This also results in gentler handling of the product during the cooling phase, which is crucial for fresh cream production. “For a cream process we want the cooling profile to be very gentle and we want to agitate the cream as little as possible,” said Konrad. “That was the main reason for using a tubular heat exchanger as it is gentler on the cream and improves product quality.” As he points out, if you ‘beat up’ cream, for example by pumping it over and over, you make butter, which is specifically not what is required in this situation. Maintaining the ideal temperature of the cream throughout the process is also vital for maintaining the quality of the finished product, which also facilitates its handling in the factory.

Corrugated tube heat exchangers have a lower pumping requirement than other tube-type heat exchangers as their compact nature results in a lower pressure drop during the heat exchange process. This helps contribute to the long operational life and reduced maintenance of the unit, which has advantages for Longley Farm.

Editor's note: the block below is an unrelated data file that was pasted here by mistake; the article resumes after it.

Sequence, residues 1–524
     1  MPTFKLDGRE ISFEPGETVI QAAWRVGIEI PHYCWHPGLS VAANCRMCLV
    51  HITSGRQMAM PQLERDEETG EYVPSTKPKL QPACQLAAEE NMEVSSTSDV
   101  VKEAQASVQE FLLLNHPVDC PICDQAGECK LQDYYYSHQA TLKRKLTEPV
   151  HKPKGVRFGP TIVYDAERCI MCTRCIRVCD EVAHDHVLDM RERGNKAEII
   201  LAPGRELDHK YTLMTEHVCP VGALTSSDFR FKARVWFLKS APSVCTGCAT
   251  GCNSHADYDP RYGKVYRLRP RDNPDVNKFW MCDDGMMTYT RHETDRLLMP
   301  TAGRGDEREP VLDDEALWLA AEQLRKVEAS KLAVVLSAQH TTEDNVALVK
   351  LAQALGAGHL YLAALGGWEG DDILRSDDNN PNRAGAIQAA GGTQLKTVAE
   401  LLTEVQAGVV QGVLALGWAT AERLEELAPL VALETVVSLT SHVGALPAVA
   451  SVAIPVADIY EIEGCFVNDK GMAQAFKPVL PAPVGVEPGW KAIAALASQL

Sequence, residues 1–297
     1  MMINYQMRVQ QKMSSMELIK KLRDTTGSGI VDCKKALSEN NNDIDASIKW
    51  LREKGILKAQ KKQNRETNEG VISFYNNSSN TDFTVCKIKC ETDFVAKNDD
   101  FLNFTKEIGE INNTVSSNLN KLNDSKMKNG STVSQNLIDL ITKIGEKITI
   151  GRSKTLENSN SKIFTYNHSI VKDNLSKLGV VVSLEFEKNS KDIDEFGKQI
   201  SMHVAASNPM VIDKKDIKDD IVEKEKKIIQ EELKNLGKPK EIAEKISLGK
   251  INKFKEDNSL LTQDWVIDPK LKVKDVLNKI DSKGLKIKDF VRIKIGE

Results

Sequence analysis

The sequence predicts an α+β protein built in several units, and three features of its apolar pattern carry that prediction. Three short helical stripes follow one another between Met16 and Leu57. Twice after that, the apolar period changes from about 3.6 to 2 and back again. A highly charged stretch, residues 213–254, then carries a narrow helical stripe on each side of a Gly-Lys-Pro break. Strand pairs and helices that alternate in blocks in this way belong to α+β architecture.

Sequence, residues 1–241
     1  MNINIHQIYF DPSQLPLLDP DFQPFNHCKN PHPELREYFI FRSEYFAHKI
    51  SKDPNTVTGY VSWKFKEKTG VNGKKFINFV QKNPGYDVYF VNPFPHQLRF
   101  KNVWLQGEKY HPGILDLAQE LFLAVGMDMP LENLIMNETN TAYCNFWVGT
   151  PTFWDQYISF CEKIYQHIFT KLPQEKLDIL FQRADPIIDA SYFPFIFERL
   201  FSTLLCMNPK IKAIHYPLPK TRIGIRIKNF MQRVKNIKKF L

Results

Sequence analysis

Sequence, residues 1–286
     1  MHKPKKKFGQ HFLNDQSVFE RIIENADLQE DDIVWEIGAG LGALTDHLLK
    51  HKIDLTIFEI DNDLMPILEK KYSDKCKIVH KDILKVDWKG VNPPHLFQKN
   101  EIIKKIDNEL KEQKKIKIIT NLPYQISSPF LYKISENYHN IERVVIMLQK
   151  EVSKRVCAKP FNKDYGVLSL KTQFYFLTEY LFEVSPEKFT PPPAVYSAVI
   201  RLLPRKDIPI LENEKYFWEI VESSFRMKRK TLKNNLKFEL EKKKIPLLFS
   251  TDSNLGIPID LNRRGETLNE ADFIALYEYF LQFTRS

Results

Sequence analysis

“We buy equipment that we hope is going to last,” commented Konrad. “Therefore the cost and downtime associated with maintenance is a key consideration. You want to make sure that you’ve bought something that is reliable, doesn’t need a lot of maintenance, isn’t hard to look after, is good value for money and lasts a long time. For me, the value in the tube-type heat exchanger is that it is a more robust piece of equipment. It’s harder to break and easier and cheaper to service, saving money over the lifespan of the unit.”

Like all HRS heat exchangers, the corrugated tube units are made from high-quality stainless steel which Konrad finds appealing: “Because of the innovation you get from HRS, such as multi-tubes and annular spaces, you have a lot more surface area than a traditional tubular heat exchanger. Because of this, and because they have a number of different designs and different applications, the actual size of the new system is smaller than the old equipment it is replacing, making it easier to incorporate into the factory layout.”

A different design is required for curd production

The new heat exchanger chosen to improve Yorkshire Curd production is a different design to that used for cream. This time a corrugated tube design which specifically increased turbulence was chosen to help to reduce fouling inside the tubes.

While most dairies make curds and whey by adding bacteria to the milk to turn the lactose into lactic acid and stimulate the proteins to stick together, for Yorkshire Curd production, Longley Farm adds acid directly to the milk, which is the traditional way of making the product.